The crash-exercise at Shannon Airport this week Pictures: Sean Curtin/Fusionshooters
UPWARDS of 150 personnel were involved in an emergency drill at Shannon this week, as the airport tested its reponse time to a major aviation incident.
The three hour exercise, code-named ‘Exercise Shamrock’, was based on a simulated incident involving an aircraft fire adjacent to the terminal building.
The drill attempted to validate the “combined response of the airport together with the support of the primary emergency agencies and other key stakeholders that would react to any aviation incident”, according to a spokeperson.
Those involved included Clare County Council, An Garda Siochána, Health Service Executive, National Ambulance Service and the Irish Aviation Authority, while students from the neighbouring college of hotel management played the roles of passengers, relatives and press.
“Crash-exercises are conducted every two years at Shannon Airport as a condition of its aerodrome licence and we use the opportunity then in conjunction with the other emergency services to test the regional major emergency plan and site specific arrangements for the airport,” said Niall Maloney, airport operations director.
“The safety of our customer airlines, passengers and staff is paramount to us and today’s exercise allows us to test our readiness for a real life situation should it ever occur. It is about ensuring that, if the worst case scenario happens, we and our colleagues in the other attending emergency services are adequately prepared to respond.
“In all in excess of 150 personnel across all agencies were involved in the exercise on the day and we would like to thank them all for this assistance,” he added.
Shannon has been used repeatedly in recent months for planes diverting for reasons of disturbance and emergency situations.
The airport also announced this week that an 18 strong team of Police Fire Service will march in the second largest parade in the US, the Boston Parade on Sunday, March 20.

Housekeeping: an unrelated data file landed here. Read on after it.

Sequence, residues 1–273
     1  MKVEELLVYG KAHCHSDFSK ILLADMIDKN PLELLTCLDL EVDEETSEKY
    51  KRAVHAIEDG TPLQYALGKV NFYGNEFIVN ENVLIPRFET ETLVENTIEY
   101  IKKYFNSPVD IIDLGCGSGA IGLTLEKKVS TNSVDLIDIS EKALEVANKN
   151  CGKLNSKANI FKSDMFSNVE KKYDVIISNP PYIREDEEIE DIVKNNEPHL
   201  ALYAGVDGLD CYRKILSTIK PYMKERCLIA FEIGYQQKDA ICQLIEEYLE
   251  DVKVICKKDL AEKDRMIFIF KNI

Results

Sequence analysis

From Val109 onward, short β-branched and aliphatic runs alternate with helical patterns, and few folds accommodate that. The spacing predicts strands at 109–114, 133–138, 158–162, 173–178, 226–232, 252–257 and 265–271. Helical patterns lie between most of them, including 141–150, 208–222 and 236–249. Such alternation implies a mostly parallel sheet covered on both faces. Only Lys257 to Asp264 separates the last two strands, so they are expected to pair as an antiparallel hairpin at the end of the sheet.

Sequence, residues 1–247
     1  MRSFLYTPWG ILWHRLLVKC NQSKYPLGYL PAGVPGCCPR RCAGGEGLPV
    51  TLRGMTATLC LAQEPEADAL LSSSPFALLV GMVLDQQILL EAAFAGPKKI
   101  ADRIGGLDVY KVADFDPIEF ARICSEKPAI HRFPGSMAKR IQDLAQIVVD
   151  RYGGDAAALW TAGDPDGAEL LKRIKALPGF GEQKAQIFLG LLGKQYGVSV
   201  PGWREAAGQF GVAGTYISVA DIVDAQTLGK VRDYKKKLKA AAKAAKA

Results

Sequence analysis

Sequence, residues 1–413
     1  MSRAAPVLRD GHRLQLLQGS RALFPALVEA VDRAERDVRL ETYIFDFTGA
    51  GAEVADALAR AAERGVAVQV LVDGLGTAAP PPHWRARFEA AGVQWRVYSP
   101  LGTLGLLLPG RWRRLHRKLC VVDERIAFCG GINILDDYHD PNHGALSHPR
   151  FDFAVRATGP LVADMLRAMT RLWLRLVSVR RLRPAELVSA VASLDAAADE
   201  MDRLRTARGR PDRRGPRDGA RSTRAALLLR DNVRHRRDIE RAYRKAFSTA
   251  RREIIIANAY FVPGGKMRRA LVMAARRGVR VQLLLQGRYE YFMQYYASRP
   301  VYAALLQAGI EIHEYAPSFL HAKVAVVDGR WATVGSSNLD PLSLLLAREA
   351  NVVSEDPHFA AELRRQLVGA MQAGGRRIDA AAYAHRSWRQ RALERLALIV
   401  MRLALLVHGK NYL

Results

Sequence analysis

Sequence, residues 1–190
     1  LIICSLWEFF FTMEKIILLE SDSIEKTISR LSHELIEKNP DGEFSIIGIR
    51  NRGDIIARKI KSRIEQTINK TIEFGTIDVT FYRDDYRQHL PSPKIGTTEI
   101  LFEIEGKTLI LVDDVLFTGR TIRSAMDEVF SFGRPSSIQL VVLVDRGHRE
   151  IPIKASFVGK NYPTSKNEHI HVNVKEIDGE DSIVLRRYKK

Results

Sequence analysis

Members of the police fire service, including those who hail from Limerick, will make a nostalgic return for St Patrick’s Day Parades in the US for the first time since September 11. Prior to that, an airport team had made an annual trip to the States for the festivities.
Shannon Group Chief Commercial Officer Andrew Murphy said the trip would provide a “huge promotional opportunity” for the airport with a potential audience of millions.
“Up to one million people will line the route of the parade, aside from those who will watch on TV, and that’s a huge audience for us,” he said. “Thanks to our daily and year round Aer Lingus service, Boston is one of our biggest US markets so the flying of the Shannon flag by the Airport Police Fire Service in the parade will be great promotion for the airport.”
Brian Casey, chairman of the Airport Fire Police St Patrick’s Day Committee, explained that the service “used to travel annually to the US for parades in the likes of New York, Boston, New Jersey, Florida and Savannah, but we stopped going out after September 11.
“The members here built up great relationships with their US counterparts and sadly two members of the Port Authority Police Department whom we had a close relationship with from our visits there, Tommy O’Gorman and Bruce Reynolds, died in the response on September 11.
“We have photos of them in our fire station at Shannon and we felt a real connection and particular sense of sadness over September 11.
“We are all really looking forward to the Boston parade as it will be a fantastic event but we will definitely have a moment or two to think about Tommy and Bruce. A number of our guys went out to New York to meet up with their friends in the Port Authority fire services after September 11 but this is the first time we have gone to the US to march in a parade since,” he added.